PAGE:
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              #7


              Here are some more of my ongoing experiments and thoughts, having spent several hours with this (there is a near black color sphere (static mesh) in the background surrounding the object in all four):

              1) Static lights destroy the metal reflections here. I'm going to try some full environment builds and see if there is a difference. I'm not sure why the advice to use static lights with spheres.
              2) Ambient cubemap in the post process seems to destroy the AO, like its reflecting it too much from every direction. What is this useful for? The documentation seems to admit that it has limited usage.
              3) I want the AO of the upper left image (or better if that's possible), but the reflections of the two right side images. Is this possible or is it a necessary evil to have less AO with the metal reflections?
              4) Is the skylight used more for colored lights over an environment than for reflections (like a substitute for placing colored lights all over a full environment)? The documentation seems to say so.

              Above all else, I'm having a very difficult time understanding how to control the background color. In Unity there is simply a background color button in the camera settings. Here, there is no such thing (that I know of), I place a sphere around the object, but the minute I make its color above pure black it goes light gray and washes out the lighting on the object by over-brightening. I want to figure out how to place a dark-gray background behind the model.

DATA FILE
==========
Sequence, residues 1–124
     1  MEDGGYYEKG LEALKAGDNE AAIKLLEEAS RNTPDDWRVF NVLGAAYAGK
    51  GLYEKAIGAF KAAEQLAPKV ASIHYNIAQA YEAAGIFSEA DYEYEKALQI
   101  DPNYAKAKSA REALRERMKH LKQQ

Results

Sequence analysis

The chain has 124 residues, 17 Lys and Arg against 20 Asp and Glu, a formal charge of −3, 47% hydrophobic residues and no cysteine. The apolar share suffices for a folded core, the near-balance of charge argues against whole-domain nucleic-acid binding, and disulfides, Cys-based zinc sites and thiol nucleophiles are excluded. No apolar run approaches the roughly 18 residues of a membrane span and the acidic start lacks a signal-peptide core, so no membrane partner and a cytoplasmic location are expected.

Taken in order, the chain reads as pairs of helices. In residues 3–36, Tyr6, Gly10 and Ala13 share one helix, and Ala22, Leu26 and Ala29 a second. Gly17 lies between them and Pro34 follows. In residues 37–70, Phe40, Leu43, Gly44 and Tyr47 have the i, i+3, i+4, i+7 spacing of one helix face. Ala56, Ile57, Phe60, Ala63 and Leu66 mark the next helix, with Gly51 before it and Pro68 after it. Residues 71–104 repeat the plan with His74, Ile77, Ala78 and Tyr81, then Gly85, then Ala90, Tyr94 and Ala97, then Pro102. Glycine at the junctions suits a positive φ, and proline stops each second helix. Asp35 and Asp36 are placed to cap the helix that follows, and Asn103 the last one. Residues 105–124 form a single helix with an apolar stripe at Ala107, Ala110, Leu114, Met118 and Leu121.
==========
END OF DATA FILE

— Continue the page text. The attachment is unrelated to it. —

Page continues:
Admittedly this is as much me collecting my thoughts at this point as it is asking questions. Any comments, corrections, directions, re-directions, help, suggestions or clarifications?

              Comment


                #8
                When you use reflection spheres and static lighting in an empty environment it is normal that you dont get any reflections. Reflection spheres capture whatever is in the environment. And you cant see skylight reflections when you have a sphere background covering the mesh. The best way to test these to see the difference is make a chrome material(or get the one from starter content), put it on a sphere mesh and toss it into the level.

                Click image for larger version

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                The sun here is movable(reflection sphere works but only as a preview, you wont see the effect in game). The first screenshot has reflection sphere disabled, and an HDR in the post process, intensity 0.1. You can see how it is filling the reflections where SSR cant. The second one is a skylight with the same HDR image, intensity 1.5. The black areas are the angles where SSR cant capture reflections, but HDR is still visible where there is no obsturction which is sky. And the third one is the same skylight with reflection sphere enabled. Reflection sphere fills all the distance SSR cant capture.

                The AO solution in the PP isnt great right now so you may want to go with static lighting if you want the best AO and lighting condition. And that will require you to create a lightmap UV for the mesh of course if you havent already.
                Last edited by Jacky; 08-13-2014, 02:28 AM.
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                  #9
                  This is a lot of help, so thank you. I learned to fix my materials first, then to step back and check my setup with a simple sphere. It's been difficult, but a good learning experience for me.